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Last Updated: Monday, 16 June, 2003, 12:54 GMT 13:54 UK
MPs call for media privacy law
Sara Cox
Radio 1 DJ Sara Cox recently won damages for photos of her topless
The UK should have a privacy law as part of new safeguards against media intrusion, says a powerful committee of MPs.

The controversial call from the Commons culture, media and sport committee will provoke protests from newspapers and the government says it is "not on the cards".

In a report published on Monday, the cross-party committee says self-regulation of the press should continue, but there should be "modest compensation" payments.

Other new safeguards proposed include an appeals process against the PCC's decisions and a new ban on paying police and private detectives for private information.

The MPs also want broadcasters and newspapers to work together to end the "media scrum that still seems to gather at the scent of a story".

They also want the PCC to be more proactive by setting up a new team to handle issues which can be resolved before they are published.

Legal moves

The PCC argues a privacy law is unworkable because ordinary people, rather than celebrities, cannot afford to take court action.

The committee says such practical arguments are "quite seductive" but argues that recent cases show judges would bring in a privacy law on a case-by-case basis if Parliament did not act, it says.

Labour MP Gerald Kaufman
Labour's Gerald Kaufman chaired the culture committee
Labour MP Chris Bryant, who is on the committee, told a news conference: "It should not be the judges who are writing a privacy law for us, it should be for politicians."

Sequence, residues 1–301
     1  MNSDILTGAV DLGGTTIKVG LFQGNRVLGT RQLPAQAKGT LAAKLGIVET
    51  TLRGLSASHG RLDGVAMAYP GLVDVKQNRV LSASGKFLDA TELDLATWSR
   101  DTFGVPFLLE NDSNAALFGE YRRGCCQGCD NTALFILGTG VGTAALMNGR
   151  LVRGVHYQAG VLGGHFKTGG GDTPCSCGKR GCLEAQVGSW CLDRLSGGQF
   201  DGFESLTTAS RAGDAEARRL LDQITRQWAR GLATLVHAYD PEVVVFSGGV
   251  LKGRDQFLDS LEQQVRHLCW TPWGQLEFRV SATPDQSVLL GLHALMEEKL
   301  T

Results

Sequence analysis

The law would "clarify the protection that individuals can expect from unwarranted intrusion by anyone - not the press alone - into their private lives", say the MPs.

"This is necessary fully to satisfy the obligations upon the UK under the European Convention of Human Rights."

Committee chairman Gerald Kaufman suggested there would be a defence of publishing something in the "public interest".

Government response

The culture department said Culture Secretary Tessa Jowell had already said there were no plans for a privacy law.

On Monday, Ms Jowell said: "The government continues to believe that a free press is vital in a democracy and that self-regulation is the best regulatory system."

But she had discussed ways to improve the system with PCC Chairman Sir Christopher Meyer.

It should not be the judges who are writing a privacy law for us, it should be for politicians
Chris Bryant

Sir Christopher welcomed the report but stressed that the PCC, as an independent body, did not have to accept the proposals.

He told BBC Radio 4's World At One: "It is extremely difficult to come up with a privacy law that in the end will deliver a better outcome for all the thousands of people who come to the PCC for redress."

The committee says overall standards of press behaviour, as well as the PCC's performance, has improved over the last decade.

But they question whether "progress from the very low baseline standards conceded by editors themselves, has gone far enough".

The PCC's argument that self-regulation is needed to maintain the freedom of the press is "persuasive", say the MPs.


The MPs say there should be an independent figure to handle appeals and regularly examine the PCC's way of working.

And there should be a scale of compensation awards for serious cases, paid either to complainants to a nominated charity - but they refuse to say how much they should be.

Among other changes proposed are:

  • The PCC should establish a system to respond to people who complain and want a judgement on their case and not mediation with newspapers
  • The PCC code's ban on intercepting phone calls should be extended to e-mails
  • Journalists should be able to refuse assignments which breach the code
  • Editors whose newspapers continually break the code should have to stand down from the PCC boards
  • Any newspaper forced to publish a PCC judgement against it should have to advertise it on the front page

Publicist Max Clifford said a privacy law would make it "more difficult to show up people who deserve to be shown up" while giving ordinary people no more protection.

Ahead of the report, the PCC chairman compared trying to convince some of the committee like "trying to convince the Flat Earth Society that the world is round".

The BBC's Duncan Kennedy
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